On September 25th 2000, then in his 76th year, Dunmore East fisherman Alan Glanville caught a 240 kilogramme bluefin tuna in Donegal Bay. That’s 529 pounds of fish – a staggering 37 stone and three quarters.
For the record, it took Alan three quarters of an hour to boat his catch, the biggest ever caught on rod and line in Irish waters at the time.
Incidentally, just 24 hours previously, Alan had already caught a bluefin that ‘only’ weighed 160kg (353 lbs). That record has since been broken, not that the man himself is all too perturbed by that.
“Well that’s what records are there for – they’re made to be broken,” he said. “I tend not to get sentimental about such things, but in saying that, it’s certainly something I’m proud of.”
Pride is something which positively radiates from Alan when talking about his beloved ‘Carina’, the boat from which he trawled out of Dunmore for almost 30 years.
“Now the one record of mine which I believe still stands goes back to 1967 and that was the record catch of herring, when we brought in 248 cran* – and that’s a record for a single boat.
“Now I started all this off (trawling for herring in Ireland as well as Britain) but what happened then was that boats began to pair off, and they could go much faster and catch more with much bigger nets when there were two working together.
“And I had to stop the herring fishing after eight to 10 years of that because of those boats being paired, but it was a period of work that I enjoyed enormously, and I had a marvellous crew.”
Those who trawled with Alan included Arthurstown’s Jim Roche (“his sons run the Passage car ferry”), Jim’s brother Willie, Mick Whittle from Dunmore, Geoff Power (“who was later a County Councillor”) and Paddy ‘Napper’ Kelly.
“They were a great team, and we put down many productive winters together,” said Alan. “And I’ve put it absolutely on record that no skipper who ever achieved anything did so without having a good crew behind him.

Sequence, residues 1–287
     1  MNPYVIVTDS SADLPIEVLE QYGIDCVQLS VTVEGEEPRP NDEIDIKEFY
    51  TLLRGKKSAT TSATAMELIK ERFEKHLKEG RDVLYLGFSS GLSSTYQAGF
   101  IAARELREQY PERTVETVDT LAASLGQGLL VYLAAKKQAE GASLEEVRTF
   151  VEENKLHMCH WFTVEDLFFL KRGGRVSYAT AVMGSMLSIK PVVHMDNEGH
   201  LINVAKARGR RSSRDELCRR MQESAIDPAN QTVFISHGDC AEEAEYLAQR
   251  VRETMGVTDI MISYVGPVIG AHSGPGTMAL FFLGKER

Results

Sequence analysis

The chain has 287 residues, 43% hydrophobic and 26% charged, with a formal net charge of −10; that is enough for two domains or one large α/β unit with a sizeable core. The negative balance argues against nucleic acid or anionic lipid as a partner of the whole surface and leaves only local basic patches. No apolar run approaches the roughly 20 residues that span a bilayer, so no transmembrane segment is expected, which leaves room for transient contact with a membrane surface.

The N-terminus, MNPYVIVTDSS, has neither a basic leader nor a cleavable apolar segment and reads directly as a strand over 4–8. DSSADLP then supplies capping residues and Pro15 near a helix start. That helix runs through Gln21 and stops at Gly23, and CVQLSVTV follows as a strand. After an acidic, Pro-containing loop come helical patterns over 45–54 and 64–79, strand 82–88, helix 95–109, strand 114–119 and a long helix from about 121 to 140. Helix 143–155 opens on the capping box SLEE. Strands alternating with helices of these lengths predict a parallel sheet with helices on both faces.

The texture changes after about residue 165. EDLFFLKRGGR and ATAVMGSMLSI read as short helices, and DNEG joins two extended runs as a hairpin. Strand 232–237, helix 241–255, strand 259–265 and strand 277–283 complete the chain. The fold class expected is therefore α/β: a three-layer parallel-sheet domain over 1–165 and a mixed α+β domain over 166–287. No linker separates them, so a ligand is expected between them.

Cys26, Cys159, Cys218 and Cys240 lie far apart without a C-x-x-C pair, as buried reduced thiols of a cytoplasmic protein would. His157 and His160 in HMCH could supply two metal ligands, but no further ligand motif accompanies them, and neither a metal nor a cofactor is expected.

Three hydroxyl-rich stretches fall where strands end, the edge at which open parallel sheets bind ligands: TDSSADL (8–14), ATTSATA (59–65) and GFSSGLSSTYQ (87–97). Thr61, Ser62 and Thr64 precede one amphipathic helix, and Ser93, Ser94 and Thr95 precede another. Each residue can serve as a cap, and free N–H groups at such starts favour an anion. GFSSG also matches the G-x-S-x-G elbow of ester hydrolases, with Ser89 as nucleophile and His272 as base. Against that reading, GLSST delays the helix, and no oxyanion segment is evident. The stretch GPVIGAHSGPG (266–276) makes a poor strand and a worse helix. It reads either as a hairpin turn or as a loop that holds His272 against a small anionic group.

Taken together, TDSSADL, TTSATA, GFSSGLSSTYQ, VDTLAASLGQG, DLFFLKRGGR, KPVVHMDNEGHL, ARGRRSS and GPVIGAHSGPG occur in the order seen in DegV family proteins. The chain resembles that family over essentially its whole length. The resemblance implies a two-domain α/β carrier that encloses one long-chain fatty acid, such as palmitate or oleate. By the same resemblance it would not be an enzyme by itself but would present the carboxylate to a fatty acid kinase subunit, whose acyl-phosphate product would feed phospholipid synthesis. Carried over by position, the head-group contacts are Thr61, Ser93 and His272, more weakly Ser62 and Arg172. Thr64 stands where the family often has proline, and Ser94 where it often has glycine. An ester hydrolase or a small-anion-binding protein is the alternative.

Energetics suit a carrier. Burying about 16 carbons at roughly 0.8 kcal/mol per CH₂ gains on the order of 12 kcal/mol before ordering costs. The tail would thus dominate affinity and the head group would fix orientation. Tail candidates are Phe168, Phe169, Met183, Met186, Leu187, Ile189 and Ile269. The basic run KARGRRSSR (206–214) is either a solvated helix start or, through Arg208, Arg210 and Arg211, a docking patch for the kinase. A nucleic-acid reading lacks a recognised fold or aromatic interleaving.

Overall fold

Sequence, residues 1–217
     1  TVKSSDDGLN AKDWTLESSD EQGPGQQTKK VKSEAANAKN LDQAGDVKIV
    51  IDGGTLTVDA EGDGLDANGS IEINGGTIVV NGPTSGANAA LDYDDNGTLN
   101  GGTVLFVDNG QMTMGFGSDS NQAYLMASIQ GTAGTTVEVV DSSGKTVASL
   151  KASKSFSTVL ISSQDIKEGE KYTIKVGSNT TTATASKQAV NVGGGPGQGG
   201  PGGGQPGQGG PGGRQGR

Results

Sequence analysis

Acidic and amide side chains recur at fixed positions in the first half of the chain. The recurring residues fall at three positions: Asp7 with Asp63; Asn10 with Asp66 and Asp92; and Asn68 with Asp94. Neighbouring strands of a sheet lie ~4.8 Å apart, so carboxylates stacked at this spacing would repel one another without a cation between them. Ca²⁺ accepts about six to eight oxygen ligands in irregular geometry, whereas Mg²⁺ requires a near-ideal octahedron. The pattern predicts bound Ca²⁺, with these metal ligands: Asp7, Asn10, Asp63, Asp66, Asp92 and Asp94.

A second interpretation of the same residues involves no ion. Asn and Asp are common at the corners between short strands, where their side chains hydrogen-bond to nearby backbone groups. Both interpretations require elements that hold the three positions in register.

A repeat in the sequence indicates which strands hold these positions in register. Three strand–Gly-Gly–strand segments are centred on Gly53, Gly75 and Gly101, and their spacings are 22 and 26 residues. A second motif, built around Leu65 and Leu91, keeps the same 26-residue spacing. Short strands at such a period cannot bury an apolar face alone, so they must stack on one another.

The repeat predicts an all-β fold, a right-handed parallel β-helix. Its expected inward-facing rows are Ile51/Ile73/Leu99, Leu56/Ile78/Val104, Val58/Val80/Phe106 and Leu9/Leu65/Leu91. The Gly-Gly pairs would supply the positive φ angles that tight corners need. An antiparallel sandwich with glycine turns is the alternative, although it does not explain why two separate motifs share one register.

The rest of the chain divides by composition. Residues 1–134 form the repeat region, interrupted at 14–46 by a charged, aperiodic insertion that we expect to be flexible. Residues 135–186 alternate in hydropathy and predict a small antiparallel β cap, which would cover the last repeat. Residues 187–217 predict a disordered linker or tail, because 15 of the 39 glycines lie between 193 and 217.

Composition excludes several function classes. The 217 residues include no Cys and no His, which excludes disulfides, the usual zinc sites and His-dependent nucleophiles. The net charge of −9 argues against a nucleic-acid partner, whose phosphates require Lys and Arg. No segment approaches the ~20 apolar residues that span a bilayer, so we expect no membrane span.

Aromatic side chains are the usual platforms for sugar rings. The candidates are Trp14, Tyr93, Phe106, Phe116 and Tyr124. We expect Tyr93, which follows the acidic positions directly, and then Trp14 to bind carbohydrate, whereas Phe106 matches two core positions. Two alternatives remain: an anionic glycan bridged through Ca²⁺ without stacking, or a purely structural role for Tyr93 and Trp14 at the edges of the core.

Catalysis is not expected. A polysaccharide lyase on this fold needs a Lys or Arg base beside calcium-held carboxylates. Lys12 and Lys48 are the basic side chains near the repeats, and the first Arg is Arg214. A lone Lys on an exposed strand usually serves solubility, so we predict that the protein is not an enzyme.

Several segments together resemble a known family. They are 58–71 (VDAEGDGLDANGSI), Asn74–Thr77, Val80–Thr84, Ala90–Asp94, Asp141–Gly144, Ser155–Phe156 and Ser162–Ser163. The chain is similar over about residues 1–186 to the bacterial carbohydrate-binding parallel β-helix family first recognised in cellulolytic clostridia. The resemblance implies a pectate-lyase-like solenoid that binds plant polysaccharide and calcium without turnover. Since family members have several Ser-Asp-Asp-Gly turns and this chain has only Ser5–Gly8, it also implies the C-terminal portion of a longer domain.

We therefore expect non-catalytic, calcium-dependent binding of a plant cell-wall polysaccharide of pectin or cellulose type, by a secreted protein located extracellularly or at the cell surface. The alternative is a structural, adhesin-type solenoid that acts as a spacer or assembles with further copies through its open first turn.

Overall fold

“My crew was always very good to me and looked after me very well. They never made me unload and always kept the boat spotless and had the nets mended before we came ashore, which is very different to what happens now in many instances – different times, I suppose.
“But we always looked upon the boat as our life, our livelihood and it had to come first. And I’ve always maintained that when you looked after the boat, when you put the boat first, then the boat would look after you. And that’s been my experience of the Carina in particular, a boat that I possess an enormous affection for.”
But it was on board the Marnet (his previous vessel) on January 7th 1957 that Alan and his late wife Suanne were wed in Waterford “just below the bridge”.
“There we are signing the register,” he said while showing me a photo of the big day in his study, while the rain lashed down in grey streams over the harbour. “And there in the wheel house is the registrar!”
Of the wedding he stated: “It cost seven and six pence to be married and we followed that up with two half-crown breakfasts at Dooley’s which brought the total cost of the wedding to 12 and six pence – that would work out at about 80 cent now! We had a marriage that lasted 50 years, and we had a very happy life together indeed.”
The chat then switched from marital union to European union. In Alan’s view, putting Irish fishermen first has never been high on the agenda of any Dublin Government, dating right back to the accession talks into what was then titled the EEC.
“A good many fishermen from the south and east coast of Ireland approached me in July 1971 to travel to Brussels during those talks to plead their case on their behalf” he continued.
“But because fishermen in this country didn’t have the strength in numbers that Irish farmers have so regularly called upon, our collective voice was never nearly as vocal, nor were we listened to as intently.
“And fishermen in Ireland paid a high price for that, and it’s a decision whose ramifications have remained with us ever since.
“We needed, at a minimum, a 12-mile limit from the baseline, but all I heard in return from the Irish representatives was that once they got into the club, they’d tailor the rules and agreements thereafter.
“But that was never going to happen and of course it never did. And the Common Fisheries Policy with which we’ve since had to live with has done Irish fishing and Irish fishermen a great disservice, which is a shame. We were sold down the river.”
Looking ahead, despite EU rules, dealing with enough red tape to wrap the entire Irish fleet several times over and the over-fishing of the past 20 years, Alan Glanville retains a sunny outlook.
“I’m an optimist by nature. Good fellows and their boats will always come through. Stocks will recover and people will always want to eat fish. Things can get better and I believe they will.”
* A cran typically contains 1200 fish.